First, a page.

BBC NEWS Americas Africa Europe Middle East South Asia Asia Pacific Arabic Spanish Russian Chinese Welsh

 You are in: World: Asia-Pacific
Front Page 
Middle East 
South Asia 
From Our Own Correspondent 
Letter From America 
UK Politics 
Talking Point 
In Depth 

Commonwealth Games 2002

BBC Sport

BBC Weather

Sunday, 13 January, 2002, 16:42 GMT
Thailand protects famous tuk-tuks
Tuk-tuk stuck in a flood
Tuk-tuks are designed for tropical climates
By the BBC's Larry Jagan in Bangkok

The Thai Government wants to preserve the world famous tuk-tuk - a motorcycle taxi - as uniquely Thai.

It has urged the makers to challenge a British company which has registered a modified version of the vehicle as the MMW Tuk-Tuk 2000.

I have been urging manufacturers and exporters that... they should protect their rights by registering the trade mark

Deputy Commerce Minister Dr Suvarn Valaisathein
The deputy commerce minister, Dr Suvarn Valaisathein, who is leading a campaign to defend Thai goods, says everyone knows the tuk-tuk is a Thai symbol.

He says Thailand must defend its rights more vigorously and that many other products are under threat.

"The tuk-tuk name has become quite generic - when you say tuk-tuk everybody knows it is a tricycle.

"However, we have been talking to the inventor and trademark owner and saying that if they want to take any action we can give them advice."

Symbol challenged

Tourists and locals alike use tuk-tuks to beat the horrendous traffic jams in the capital, Bangkok.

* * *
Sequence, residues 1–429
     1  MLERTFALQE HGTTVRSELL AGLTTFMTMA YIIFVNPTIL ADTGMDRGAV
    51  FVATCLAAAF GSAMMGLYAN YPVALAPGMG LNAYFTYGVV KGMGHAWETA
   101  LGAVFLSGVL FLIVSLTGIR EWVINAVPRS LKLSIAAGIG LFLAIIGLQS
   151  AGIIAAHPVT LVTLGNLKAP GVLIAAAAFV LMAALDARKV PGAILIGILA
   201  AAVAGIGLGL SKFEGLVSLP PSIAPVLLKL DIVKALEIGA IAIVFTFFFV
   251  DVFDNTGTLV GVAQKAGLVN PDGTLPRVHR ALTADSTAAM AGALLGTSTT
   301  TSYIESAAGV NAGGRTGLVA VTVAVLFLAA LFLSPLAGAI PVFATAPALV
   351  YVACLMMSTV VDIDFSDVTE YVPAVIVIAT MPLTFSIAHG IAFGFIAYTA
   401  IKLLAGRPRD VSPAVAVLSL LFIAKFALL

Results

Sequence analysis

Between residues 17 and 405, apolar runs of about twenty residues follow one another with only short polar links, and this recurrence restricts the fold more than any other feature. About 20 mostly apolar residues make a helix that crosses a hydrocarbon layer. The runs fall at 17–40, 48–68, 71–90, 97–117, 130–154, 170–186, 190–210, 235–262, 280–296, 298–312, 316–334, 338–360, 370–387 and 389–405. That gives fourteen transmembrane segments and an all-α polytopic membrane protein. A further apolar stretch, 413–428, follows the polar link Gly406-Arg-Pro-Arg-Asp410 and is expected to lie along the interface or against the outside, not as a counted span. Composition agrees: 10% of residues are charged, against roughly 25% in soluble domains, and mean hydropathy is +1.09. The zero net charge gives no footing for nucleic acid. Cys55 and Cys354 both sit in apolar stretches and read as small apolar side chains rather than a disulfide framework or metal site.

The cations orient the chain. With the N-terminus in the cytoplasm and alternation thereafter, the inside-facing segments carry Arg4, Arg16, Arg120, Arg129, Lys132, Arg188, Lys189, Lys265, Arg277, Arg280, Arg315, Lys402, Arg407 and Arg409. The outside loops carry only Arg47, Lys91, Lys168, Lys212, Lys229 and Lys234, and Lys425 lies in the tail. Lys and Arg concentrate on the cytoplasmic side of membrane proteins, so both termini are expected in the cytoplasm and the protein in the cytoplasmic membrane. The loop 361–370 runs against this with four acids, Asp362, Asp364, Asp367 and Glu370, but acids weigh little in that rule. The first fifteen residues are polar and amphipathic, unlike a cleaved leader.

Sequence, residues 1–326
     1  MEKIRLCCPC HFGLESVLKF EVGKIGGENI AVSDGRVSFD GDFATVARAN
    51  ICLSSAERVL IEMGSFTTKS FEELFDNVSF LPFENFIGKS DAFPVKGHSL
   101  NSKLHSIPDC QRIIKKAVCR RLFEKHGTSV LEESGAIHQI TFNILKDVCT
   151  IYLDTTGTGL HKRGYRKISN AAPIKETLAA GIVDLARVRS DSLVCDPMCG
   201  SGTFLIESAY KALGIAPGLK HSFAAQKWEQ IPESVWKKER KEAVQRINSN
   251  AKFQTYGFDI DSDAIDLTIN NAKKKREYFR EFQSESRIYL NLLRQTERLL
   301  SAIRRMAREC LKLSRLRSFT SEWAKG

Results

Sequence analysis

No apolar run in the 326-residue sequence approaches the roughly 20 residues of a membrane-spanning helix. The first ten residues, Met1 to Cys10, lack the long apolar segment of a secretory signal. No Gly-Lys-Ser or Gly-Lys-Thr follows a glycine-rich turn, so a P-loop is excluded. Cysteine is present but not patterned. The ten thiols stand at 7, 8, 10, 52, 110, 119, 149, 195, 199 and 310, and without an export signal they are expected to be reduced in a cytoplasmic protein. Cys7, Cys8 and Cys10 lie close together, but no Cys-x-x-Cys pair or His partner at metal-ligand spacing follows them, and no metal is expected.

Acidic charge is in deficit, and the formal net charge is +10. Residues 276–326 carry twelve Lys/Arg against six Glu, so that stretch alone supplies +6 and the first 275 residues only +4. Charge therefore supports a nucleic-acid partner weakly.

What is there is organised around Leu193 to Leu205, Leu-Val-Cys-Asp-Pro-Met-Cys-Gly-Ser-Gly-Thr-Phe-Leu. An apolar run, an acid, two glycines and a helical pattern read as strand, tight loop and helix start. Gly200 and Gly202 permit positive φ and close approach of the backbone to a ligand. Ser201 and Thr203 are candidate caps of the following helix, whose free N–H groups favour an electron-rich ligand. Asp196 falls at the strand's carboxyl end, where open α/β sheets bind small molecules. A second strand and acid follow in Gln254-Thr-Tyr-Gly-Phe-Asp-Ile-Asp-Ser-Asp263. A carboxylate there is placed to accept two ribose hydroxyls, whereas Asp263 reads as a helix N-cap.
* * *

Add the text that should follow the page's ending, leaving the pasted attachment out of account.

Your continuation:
As they weave through blocked roads, their distinctive colours makes them a unique part of Thai life.

But this symbol of Thailand was challenged when a British company imported tuk-tuks and modified them to be safe and fast enough for European roads.

MMW Imports, of Newport, Wales, registered the vehicle as a car with the UK's Driver and Vehicle Licensing Agency but has not sought a trademark.

Traffic jam in Bangkok
Bangkok suffers from serious traffic jams
Dr Suvarn isn't too concerned about competition in Europe, but he has his eye on other potential export markets.

The Thai tuk-tuk is designed for tropical climates, and experts do not believe the MMW Tuk-Tuk can compete with the real thing in this market.

"The big markets would be in India, Pakistan Brunei and Brazil - the tropical zone," Dr Suvarn said.

"I have been urging manufacturers and exporters that, if they find a large market, they should protect their rights by registering the trade mark, trade name and also the patent."

Complacency widespread

Although there are only 500 workers in the factory which makes Thailand's tuk-tuks, the output is worth more than $10m a year.

The government now wants Thai manufacturers and exporters to register patents and trademarks - locally and abroad - as fast as possible.

So far, the concern does not seem to have jolted many manufacturers out of their complacency.

Dr Suvarn says it is up to the private sector to protect its products - in the meantime there is no doubt that the Bangkok tuk-tuk will remain a lasting symbol of Thailand.

See also:

21 Dec 01 | Asia-Pacific
Bangkok to combat traffic congestion
12 Sep 00 | Asia-Pacific
Thai drivers face platform shoe ban
30 May 00 | Asia-Pacific
Bangkok's 'Lady Buses' on road
20 Jan 00 | Asia-Pacific
Thai surfers dodge traffic jams
05 Dec 99 | Asia-Pacific
Skytrain to clear the Bangkok air
05 Dec 99 | Asia-Pacific
Bangkok's Skytrain goes into service
Internet links:

The BBC is not responsible for the content of external internet sites

Links to more Asia-Pacific stories are at the foot of the page.

E-mail this story to a friend

Links to more Asia-Pacific stories